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    The study of the evolutionary history of genes related to human disease lies at the interface of evolution and medicine. These studies provide the evolutionary context on which medical researchers should work, and are also useful in providing information to suggest further genetic experiments, especially in model species where genetic manipulations can be made. Here we studied the evolution of the β-adrenoreceptor gene family in vertebrates with the aim of adding an evolutionary framework to the already abundant physiological information. Our results show that in addition to the three already described vertebrate β-adrenoreceptor genes there is an additional group containing cyclostome sequences. We suggest that β-adrenoreceptors diversified as a product of the two whole genome duplications that occurred in the ancestor of vertebrates. Gene expression patterns are in general consistent across species, suggesting that expression dynamics were established early in the evolutionary history of vertebrates, and have been maintained since then. Finally, amino acid polymorphisms that are associated to pathological conditions in humans appear to be common in non-human mammals, suggesting that the phenotypic effects of these mutations depend on epistatic interaction with other positions. The evolutionary analysis of the β-adrenoreceptors delivers new insights about the diversity of these receptors in vertebrates, the evolution of the expression patterns and a comparative perspective regarding the polymorphisms that in humans are linked to pathological conditions. Copyright © 2016 Elsevier Inc. All rights reserved.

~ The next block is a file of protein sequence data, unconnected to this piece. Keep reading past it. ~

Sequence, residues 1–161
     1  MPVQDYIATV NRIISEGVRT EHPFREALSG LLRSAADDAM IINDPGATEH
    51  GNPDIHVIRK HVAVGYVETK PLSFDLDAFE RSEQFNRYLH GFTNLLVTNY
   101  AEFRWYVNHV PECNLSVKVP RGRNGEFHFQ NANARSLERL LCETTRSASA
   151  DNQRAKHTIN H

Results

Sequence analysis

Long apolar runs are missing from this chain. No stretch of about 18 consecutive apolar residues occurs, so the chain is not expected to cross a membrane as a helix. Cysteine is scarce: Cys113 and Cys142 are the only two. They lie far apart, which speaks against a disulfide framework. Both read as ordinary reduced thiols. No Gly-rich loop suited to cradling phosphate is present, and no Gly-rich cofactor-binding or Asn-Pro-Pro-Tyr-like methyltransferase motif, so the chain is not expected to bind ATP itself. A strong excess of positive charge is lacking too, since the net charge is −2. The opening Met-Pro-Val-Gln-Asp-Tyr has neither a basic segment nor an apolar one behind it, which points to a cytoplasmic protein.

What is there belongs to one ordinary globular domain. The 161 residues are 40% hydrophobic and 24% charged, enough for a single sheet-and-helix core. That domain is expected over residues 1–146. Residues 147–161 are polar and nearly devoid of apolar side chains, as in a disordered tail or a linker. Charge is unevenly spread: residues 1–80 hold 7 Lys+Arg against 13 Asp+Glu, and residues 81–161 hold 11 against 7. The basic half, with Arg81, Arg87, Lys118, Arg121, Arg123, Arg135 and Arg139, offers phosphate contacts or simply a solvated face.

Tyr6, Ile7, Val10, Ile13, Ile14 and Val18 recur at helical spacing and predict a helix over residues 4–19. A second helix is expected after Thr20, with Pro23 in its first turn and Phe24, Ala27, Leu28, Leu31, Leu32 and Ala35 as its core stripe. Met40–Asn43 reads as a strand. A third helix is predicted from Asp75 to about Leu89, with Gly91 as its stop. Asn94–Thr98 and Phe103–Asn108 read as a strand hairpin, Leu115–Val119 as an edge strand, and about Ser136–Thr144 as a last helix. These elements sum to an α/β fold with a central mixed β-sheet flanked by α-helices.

Kattina Zavala, Michael W Vandewege, Federico G Hoffmann, Juan C Opazo. Evolution of the β-adrenoreceptors in vertebrates. General and comparative endocrinology. 2017 Jan 01;240:129-137

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    PMID: 27769631

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